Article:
Our Approach


The foundational, deep roots of community are an essential component in our understanding of spiritual formation, which we depict in the image of a fruit-bearing tree to represent our discipleship philosophy. We believe the need to be in community is part of human nature, and it is something engrained in us from our Creator. From the beginning of humanity, the Triune God (Father, Spirit, Son—three in one) declared, "Now let Us conceive a new creation—humanity—made in Our image, fashioned according to Our likeness" (Genesis 1:26). The Godhead, a representation of community in itself, continues to demonstrate the importance of community in the sending of the Son—Jesus Christ—into the world, which the Christian tradition refers to as the Incarnation. Eugene Peterson paraphrases John 1:14 in The Message this way: "The Word [Jesus] became flesh and blood, and moved into the neighborhood." Community is a gift from God, and when we intentionally "move into the neighborhood" with other people, it is bound to get a little messy at times, but that is part of us being fully human and fully present with others.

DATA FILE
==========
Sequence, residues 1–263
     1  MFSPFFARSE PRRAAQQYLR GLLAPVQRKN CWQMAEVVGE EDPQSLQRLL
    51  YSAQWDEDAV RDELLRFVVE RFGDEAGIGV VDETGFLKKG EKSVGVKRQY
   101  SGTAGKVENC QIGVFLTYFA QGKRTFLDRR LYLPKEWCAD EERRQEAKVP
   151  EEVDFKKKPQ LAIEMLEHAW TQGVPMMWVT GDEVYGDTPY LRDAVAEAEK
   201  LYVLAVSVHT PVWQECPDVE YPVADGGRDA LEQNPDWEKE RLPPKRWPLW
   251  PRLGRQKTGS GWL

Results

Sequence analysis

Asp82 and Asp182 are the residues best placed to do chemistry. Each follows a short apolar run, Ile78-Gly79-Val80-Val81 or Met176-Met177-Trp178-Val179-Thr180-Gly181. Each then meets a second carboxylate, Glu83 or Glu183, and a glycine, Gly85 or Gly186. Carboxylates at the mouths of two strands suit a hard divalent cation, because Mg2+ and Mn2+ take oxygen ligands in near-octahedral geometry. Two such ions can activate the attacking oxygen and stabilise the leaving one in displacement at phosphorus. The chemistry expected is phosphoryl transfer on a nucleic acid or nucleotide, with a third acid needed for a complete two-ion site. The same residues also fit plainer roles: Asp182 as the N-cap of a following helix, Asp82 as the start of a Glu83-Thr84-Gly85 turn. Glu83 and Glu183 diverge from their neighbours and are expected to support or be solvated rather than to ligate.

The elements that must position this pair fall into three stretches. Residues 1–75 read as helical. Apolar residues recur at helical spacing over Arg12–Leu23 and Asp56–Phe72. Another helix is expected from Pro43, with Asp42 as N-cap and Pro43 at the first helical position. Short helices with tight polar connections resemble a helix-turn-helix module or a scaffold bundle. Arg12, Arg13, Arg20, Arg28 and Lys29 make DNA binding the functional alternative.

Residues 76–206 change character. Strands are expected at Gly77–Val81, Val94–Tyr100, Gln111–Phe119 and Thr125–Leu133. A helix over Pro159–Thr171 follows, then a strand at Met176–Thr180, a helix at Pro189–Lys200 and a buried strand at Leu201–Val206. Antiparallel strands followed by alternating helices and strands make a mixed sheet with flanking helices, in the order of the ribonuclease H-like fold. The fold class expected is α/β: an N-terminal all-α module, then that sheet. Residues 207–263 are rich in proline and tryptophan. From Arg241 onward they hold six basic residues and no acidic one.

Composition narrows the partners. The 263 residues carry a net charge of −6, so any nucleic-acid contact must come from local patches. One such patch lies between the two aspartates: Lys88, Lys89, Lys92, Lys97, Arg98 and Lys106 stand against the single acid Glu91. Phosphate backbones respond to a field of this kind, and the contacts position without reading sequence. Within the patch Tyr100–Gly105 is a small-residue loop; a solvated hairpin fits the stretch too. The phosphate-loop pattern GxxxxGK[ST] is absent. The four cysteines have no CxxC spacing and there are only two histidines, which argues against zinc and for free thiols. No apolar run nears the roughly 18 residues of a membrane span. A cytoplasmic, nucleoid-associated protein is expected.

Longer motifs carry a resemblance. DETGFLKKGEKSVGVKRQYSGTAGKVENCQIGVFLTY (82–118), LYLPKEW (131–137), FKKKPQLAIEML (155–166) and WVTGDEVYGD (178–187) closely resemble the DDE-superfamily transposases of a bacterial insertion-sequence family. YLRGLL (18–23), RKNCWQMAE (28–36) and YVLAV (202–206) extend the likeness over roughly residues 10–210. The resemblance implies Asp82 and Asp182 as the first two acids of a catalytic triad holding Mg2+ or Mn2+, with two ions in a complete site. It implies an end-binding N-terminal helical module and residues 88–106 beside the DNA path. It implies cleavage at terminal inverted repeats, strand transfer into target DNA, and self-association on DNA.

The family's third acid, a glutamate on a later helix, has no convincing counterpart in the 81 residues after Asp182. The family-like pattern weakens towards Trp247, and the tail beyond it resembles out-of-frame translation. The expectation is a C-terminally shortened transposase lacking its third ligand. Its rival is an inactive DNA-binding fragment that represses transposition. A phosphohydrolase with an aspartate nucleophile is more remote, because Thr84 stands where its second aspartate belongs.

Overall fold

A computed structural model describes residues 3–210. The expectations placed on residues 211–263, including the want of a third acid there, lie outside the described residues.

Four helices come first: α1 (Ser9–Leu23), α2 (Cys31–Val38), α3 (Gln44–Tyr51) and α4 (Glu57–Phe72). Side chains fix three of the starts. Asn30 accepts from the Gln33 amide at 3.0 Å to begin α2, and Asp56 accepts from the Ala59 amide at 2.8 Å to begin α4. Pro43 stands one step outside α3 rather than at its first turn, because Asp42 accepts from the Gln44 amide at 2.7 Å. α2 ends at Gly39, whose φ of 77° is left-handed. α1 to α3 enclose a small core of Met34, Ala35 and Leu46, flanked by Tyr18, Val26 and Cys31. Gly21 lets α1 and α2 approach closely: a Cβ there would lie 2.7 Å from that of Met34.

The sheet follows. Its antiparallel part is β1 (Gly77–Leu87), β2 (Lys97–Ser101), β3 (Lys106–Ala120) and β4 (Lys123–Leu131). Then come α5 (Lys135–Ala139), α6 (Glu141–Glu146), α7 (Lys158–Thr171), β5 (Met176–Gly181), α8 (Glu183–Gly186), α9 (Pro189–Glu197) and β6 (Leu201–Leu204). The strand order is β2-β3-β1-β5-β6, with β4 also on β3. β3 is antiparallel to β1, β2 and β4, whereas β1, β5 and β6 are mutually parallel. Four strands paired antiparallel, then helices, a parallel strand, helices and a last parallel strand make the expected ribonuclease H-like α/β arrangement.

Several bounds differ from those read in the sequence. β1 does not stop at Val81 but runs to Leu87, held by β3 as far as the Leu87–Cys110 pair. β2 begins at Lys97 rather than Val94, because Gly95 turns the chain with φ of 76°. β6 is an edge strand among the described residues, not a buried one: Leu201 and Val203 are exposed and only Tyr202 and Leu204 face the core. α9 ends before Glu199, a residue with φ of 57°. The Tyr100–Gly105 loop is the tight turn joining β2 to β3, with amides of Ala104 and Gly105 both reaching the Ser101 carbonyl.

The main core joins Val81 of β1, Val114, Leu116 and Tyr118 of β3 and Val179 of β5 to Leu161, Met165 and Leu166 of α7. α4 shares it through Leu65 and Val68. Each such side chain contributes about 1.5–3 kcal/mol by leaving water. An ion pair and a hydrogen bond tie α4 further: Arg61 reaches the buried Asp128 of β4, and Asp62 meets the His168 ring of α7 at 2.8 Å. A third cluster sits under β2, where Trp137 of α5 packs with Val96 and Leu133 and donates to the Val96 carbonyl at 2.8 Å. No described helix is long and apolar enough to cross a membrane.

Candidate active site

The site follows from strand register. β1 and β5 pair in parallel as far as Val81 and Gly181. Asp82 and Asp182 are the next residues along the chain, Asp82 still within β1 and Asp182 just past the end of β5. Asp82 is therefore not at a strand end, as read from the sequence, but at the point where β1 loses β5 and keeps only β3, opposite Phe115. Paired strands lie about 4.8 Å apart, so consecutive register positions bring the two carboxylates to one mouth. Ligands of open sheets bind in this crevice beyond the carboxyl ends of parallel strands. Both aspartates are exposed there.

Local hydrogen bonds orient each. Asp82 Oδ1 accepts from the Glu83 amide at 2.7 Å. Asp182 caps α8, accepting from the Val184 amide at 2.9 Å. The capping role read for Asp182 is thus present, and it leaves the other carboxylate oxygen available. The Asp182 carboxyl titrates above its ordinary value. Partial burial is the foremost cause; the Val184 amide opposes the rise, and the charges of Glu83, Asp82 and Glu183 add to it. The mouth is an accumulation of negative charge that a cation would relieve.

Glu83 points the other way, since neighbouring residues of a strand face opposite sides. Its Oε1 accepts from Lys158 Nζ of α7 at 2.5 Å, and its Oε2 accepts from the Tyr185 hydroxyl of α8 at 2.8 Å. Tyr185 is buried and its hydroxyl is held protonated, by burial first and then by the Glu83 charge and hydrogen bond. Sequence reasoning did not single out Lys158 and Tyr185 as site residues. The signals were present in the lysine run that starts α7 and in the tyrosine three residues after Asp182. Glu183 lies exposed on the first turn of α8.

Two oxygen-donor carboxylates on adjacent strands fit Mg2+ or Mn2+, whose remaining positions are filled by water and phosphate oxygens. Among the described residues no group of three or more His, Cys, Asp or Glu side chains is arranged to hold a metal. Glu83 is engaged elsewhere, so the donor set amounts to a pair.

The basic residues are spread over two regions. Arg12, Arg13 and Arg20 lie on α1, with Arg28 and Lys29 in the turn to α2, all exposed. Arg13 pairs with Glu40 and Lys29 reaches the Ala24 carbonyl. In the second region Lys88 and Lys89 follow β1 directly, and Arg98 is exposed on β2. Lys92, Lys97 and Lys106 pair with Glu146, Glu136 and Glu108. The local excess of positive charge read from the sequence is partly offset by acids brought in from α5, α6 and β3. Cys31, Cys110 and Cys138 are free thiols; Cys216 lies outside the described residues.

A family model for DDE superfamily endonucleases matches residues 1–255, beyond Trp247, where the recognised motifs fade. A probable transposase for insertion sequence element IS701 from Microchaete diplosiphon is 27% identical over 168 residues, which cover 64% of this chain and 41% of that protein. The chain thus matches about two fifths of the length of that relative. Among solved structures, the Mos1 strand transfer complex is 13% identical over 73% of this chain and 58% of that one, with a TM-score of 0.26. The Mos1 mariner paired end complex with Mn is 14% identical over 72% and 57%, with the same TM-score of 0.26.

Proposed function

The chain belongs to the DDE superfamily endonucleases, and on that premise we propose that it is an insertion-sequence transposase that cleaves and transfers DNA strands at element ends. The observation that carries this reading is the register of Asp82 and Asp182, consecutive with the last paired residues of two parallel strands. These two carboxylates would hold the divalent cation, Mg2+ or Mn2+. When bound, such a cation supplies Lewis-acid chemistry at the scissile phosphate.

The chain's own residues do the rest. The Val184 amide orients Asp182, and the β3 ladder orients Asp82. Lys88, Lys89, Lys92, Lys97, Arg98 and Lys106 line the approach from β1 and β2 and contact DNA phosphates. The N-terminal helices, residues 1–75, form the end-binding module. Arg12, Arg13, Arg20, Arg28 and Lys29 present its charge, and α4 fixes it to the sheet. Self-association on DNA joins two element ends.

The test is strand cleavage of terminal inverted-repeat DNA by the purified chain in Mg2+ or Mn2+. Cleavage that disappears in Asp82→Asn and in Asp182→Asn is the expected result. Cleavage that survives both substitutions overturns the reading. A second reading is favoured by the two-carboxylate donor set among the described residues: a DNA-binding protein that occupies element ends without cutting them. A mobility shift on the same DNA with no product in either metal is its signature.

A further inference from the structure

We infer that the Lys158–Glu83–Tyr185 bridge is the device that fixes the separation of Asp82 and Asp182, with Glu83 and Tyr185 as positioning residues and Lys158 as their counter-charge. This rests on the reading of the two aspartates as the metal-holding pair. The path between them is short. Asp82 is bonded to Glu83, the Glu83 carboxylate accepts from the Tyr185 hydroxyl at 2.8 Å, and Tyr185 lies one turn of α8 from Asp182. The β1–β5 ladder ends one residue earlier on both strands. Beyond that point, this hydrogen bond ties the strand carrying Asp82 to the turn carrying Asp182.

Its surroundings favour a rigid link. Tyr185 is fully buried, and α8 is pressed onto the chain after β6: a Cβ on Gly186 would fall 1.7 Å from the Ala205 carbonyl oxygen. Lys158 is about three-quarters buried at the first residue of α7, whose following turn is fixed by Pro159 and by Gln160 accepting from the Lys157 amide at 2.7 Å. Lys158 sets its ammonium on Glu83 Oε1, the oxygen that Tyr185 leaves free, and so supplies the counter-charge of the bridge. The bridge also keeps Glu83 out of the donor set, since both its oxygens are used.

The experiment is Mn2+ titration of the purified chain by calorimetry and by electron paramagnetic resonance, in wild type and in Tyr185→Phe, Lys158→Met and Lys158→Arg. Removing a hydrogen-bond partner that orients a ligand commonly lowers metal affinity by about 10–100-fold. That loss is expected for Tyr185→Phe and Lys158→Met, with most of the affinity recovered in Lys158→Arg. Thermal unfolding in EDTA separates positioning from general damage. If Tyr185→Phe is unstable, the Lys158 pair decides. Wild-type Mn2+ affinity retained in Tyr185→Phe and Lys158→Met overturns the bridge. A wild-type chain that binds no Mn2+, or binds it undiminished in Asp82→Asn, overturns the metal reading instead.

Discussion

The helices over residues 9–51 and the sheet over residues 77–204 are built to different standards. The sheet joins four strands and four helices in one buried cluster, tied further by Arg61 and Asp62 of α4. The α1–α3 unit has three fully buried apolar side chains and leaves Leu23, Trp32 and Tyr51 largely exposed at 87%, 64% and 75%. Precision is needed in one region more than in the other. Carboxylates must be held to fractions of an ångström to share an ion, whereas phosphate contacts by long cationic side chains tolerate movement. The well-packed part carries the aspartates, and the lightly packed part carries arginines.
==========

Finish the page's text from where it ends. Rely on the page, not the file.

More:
We believe there is no substitute for close-knit, deep-in-the-trenches type of community. Living life-on-life is not an option for followers of Christ, and as part of our ongoing discipleship, we all need to experience spiritual growth and accountability in the context of small groups where people intimately know one another. Each of our Life Groups will be a little different, but a common purpose for all of our Life Groups is to be communities where life transformation happens. In light of the communal nature of this important foundation of our discipleship philosophy, it is vitally important to note the overlap between the various components of discipleship (e.g., worship frequently occurs in community with others, communities with shared gifts and passions can be on mission together). Wherever you have been and wherever you may be going, Harris Creek invites you to make yourself at home and establish deep roots in community.